Spain’s Ministry for Economic Affairs and Digital Transformation (MINECO) said that suppliers considered “high risk” would be excluded from participating in state funding projects
This week, the Spanish government has embarked on the next phase of its €1 billion funding project aimed at rolling out 5G standalone (SA) to rural areas across the country.
This latest phase will see €544 million made available for projects to deploy the latest mobile technology in locations with fewer than 10,000 inhabitants and that are currently missing from the private sector’s rollout plans.
Operators will be able to use the funding to purchase of both active and passive infrastructure, with a competitive bidding process to take place for each of Spain’s 50 provinces. The winning operator will receive 100% of the available fund if they are the sole bidder in a province and up to 75% if they are not.
An operator can win funding for no more than 30 provinces, with applications needing to be submitted by the end of the month.
This allocation process marks the latest step in Spain’s €1 billion UNICO-5G Redes Activas programme, approve by the European Commission earlier this year to help rollout 5G infrastructure across the country’s most underserved areas. Earlier this year, MINECO allocated €448 million to various operators to upgrade rural 5G base stations with fibre backhaul as part of this project.
This funding for this programme ultimately comes from the European Union’s Recovery and Resilience Facility, which was introduced back in 2021 in an effort to mitigate the economic impact of the coronavirus pandemic. The Facility aims to make €723.8 billion available in loans and grants between 2021 and 20227 to help support member states economies to modernise and become more resilient.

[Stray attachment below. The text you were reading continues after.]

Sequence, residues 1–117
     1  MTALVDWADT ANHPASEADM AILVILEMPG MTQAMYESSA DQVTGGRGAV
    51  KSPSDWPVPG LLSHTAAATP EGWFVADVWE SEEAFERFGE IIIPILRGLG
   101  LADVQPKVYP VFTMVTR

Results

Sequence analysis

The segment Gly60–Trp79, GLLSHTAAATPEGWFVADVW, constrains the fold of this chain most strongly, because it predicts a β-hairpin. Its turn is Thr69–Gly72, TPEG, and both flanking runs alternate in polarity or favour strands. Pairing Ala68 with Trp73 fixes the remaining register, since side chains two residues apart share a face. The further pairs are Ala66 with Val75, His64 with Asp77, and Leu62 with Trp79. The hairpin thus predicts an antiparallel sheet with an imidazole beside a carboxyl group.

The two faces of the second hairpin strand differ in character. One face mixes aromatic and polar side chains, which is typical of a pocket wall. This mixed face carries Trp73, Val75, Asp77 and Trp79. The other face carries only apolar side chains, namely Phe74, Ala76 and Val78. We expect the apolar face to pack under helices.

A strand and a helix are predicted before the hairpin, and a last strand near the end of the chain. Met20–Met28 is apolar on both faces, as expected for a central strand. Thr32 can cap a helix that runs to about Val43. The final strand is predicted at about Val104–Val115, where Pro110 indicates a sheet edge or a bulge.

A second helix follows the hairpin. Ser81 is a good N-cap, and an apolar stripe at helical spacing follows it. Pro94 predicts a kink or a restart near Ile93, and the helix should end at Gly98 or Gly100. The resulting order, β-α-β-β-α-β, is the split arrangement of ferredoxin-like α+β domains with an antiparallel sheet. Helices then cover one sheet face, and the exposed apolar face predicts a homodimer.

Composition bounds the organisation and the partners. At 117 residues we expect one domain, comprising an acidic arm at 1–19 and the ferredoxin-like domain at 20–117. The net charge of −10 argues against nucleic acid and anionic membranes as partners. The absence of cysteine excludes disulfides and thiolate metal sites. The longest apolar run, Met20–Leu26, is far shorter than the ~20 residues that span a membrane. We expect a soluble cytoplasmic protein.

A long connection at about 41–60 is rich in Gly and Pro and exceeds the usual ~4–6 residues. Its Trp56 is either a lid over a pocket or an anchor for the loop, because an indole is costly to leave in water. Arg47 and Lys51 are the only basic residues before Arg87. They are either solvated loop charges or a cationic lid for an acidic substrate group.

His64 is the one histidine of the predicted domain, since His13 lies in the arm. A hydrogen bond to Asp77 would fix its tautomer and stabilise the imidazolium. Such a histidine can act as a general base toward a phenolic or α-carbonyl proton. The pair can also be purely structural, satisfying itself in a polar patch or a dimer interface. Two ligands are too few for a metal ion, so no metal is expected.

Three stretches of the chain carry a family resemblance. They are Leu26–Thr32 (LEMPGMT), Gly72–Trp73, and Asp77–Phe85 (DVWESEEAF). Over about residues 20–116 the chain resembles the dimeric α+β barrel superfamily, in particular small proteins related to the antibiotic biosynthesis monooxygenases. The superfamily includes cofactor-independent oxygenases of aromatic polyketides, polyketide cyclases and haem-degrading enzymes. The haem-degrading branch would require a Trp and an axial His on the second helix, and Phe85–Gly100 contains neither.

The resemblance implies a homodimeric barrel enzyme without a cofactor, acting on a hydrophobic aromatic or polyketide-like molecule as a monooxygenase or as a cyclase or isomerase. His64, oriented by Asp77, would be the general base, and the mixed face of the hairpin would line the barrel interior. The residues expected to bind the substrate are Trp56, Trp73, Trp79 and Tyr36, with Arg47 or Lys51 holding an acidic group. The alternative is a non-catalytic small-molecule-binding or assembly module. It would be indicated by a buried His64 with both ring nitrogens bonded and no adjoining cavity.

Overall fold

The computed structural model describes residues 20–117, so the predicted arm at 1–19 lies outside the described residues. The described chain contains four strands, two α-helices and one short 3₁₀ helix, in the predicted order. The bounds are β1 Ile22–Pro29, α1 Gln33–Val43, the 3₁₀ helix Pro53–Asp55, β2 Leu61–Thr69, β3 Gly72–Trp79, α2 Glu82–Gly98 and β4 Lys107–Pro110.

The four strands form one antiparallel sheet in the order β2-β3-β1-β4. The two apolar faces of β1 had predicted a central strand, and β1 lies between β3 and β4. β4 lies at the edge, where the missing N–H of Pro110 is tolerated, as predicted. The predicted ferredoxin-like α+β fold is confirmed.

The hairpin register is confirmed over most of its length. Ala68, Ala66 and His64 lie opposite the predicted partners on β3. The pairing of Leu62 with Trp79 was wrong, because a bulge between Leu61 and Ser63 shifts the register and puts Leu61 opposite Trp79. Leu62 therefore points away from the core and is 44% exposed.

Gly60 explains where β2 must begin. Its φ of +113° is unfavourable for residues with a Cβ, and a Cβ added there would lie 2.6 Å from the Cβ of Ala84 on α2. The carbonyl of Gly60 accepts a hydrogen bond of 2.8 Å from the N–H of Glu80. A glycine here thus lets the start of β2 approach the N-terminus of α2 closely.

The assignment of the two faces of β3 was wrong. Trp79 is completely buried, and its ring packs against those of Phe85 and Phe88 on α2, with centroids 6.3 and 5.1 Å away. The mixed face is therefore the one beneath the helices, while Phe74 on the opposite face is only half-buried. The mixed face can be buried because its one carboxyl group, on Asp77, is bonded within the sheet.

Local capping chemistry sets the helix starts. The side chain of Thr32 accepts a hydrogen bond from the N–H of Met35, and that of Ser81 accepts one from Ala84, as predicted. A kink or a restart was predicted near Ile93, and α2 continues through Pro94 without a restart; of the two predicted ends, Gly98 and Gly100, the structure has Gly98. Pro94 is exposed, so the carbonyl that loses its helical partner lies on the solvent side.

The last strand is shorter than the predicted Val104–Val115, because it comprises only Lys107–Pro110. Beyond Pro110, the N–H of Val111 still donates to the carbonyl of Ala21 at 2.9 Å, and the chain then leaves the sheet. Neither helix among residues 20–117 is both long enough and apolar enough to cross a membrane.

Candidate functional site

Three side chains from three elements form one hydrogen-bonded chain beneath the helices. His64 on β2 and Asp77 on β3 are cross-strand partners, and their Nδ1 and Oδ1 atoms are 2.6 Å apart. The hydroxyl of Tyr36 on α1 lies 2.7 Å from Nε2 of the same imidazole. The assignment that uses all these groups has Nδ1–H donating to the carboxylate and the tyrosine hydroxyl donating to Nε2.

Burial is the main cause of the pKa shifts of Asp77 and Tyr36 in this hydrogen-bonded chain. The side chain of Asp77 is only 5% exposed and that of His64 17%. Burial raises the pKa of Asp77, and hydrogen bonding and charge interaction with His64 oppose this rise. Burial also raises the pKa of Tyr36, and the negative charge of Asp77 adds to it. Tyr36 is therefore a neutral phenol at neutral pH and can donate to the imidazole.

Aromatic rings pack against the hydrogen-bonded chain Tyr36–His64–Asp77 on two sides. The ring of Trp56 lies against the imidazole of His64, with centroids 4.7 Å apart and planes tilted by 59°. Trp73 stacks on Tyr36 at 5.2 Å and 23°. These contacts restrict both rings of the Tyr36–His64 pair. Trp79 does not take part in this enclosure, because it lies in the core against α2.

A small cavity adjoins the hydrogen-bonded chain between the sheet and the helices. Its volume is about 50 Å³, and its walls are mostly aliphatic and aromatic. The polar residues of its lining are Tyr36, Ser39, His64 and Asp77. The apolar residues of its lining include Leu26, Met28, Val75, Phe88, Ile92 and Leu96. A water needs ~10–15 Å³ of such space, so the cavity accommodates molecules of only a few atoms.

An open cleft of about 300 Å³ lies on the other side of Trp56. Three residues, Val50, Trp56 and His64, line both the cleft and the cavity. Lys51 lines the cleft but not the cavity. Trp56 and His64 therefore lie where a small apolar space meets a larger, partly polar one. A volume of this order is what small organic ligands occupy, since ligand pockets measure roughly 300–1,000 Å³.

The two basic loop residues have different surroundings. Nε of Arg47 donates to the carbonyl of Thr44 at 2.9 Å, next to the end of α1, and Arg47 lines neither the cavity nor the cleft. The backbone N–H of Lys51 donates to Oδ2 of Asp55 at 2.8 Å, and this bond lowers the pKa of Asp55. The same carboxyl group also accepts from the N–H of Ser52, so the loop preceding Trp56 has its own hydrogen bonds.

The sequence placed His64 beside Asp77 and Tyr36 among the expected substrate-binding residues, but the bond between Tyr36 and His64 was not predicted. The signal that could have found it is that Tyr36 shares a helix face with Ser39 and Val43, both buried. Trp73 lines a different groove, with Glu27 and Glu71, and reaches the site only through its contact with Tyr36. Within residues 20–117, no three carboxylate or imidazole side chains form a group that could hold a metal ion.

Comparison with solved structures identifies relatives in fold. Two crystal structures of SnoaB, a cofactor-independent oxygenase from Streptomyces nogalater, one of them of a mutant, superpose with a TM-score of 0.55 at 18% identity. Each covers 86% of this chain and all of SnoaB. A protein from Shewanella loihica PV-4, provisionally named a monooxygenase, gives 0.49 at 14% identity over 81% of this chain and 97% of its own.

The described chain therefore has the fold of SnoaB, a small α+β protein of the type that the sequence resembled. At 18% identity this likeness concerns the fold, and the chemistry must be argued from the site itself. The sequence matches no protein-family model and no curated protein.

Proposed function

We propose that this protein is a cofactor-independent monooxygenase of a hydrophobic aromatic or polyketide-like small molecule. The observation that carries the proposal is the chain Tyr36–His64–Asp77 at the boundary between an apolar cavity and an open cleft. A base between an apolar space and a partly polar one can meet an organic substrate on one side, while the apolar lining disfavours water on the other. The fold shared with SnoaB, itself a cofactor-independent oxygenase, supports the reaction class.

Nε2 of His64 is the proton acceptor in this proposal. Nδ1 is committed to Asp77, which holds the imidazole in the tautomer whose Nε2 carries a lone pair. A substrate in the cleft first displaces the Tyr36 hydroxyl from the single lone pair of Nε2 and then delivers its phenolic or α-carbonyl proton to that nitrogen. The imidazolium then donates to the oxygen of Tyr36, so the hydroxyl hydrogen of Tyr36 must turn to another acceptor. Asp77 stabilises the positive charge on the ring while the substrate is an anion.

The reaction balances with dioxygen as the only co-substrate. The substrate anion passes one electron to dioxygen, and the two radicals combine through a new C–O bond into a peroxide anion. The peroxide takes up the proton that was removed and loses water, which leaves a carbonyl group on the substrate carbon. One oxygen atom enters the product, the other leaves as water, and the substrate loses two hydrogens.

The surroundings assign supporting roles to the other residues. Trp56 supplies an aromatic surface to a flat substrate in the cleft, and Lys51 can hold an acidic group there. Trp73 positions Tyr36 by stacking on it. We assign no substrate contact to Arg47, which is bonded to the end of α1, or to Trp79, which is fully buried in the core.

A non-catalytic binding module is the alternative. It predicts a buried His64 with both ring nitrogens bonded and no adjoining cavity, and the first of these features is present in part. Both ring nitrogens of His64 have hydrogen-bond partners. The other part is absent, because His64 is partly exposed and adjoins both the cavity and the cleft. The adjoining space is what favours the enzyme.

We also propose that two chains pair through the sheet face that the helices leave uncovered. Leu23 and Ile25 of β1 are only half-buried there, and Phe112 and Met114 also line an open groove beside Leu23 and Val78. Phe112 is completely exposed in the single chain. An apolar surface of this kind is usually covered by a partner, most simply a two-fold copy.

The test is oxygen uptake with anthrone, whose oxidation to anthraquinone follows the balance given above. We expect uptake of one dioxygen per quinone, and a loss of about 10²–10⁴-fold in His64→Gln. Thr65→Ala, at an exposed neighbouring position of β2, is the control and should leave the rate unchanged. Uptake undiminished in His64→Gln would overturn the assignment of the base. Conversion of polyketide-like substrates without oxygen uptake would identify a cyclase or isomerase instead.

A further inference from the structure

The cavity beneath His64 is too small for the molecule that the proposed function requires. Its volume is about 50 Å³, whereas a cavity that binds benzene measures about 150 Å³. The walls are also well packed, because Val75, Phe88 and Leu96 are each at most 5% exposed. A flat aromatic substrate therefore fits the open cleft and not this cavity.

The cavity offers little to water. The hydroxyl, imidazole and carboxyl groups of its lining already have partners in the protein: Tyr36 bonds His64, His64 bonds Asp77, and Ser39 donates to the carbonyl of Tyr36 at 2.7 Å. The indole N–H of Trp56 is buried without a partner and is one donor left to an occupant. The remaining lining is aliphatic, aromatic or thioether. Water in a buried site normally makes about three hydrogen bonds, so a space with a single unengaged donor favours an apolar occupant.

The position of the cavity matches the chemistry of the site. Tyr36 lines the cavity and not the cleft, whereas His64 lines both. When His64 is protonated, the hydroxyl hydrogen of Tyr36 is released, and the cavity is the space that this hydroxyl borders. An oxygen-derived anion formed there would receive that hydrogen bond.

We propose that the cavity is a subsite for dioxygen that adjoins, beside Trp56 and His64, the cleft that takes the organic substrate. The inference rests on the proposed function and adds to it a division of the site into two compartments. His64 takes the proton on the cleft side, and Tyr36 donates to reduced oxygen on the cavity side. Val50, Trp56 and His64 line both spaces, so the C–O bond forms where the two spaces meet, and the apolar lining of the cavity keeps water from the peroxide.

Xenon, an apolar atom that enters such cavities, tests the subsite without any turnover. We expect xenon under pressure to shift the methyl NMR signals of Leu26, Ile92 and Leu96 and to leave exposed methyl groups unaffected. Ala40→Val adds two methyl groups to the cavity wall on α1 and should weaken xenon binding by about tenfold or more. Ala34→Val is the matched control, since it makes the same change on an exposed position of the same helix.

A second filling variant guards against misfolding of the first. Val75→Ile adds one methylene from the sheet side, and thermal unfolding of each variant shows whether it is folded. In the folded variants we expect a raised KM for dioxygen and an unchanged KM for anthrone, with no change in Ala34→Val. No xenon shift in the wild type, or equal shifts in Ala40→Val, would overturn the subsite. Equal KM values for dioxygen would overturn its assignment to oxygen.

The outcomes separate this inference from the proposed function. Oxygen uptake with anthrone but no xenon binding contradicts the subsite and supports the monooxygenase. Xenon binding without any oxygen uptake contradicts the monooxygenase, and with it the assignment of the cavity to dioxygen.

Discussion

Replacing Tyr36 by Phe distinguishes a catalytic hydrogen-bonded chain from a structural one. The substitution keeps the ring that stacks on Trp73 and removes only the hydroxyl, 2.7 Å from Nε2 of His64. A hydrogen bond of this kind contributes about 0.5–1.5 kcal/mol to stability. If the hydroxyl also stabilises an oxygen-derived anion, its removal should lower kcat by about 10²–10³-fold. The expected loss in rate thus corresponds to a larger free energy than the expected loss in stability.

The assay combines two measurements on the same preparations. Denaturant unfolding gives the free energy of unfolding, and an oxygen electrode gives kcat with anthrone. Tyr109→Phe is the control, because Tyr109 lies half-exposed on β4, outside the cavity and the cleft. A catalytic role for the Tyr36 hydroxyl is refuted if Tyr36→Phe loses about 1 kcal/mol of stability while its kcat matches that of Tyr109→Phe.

So far, Spain’s 5G rollout has been steady, with the technology today covering roughly 82% of the country’s population. Rural areas, however, remain a challenge, with small populations and difficult geography making deployments unappealing for the operators. With roughly 20% of Spain’s population living in rural areas – around nine million people – this is naturally a challenge that the government is seeking to address.
“With this pioneer programme in Europe, the government continues to promote the deployment of technology that opens new possibilities for the economic and social development of the country. This strategy’s aim is to promote territorial cohesion and generate opportunities and quality employment,” said Secretary of State for Telecommunications and Digital Infrastructure, María González Veracruz in a translated statement.
It should be noted, however, that the operators will be limited in their choice of vendor partners for their 5G rollout, with the government ruling that ‘high risk’ vendors should be excluded from public funding projects such as the UNICO-5G Redes Activas programme.
While a specific list of such ‘high risk’ equipment suppliers has yet to be announced by the government, it is likely to include Chinese equipment giant Huawei, who earlier this week lodged a pre-emptive challenge to the government’s decision via their Spanish unit.
Huawei argued that the decision to exclude certain providers would be illegal under European law and was a politically motivated decision on the part of the government.
“The article in question interferes with operators’ freedom to choose the best provider on the basis of objective criteria reflecting commercial, technical and security requirements,” Huawei told Bloomberg earlier this week. “Instead, it seeks to exclude certain suppliers based on arbitrary political criteria.”
Huawei still plays a major role in Spain’s mobile networks, comprising around 38% of the country’s 5G network, according to a recent report by Strand Consult. However, the EU is increasingly pushing for Huawei’s presence in European networks to be eliminated, suggesting in its latest guidelines that member states were moving too slowly to remove these ‘high risk’ suppliers from their networks.
How is the removal of ‘high risk’ vendors altering the European mobile landscape? Join the discussion at this year’s Total Telecom Congress live from Amsterdam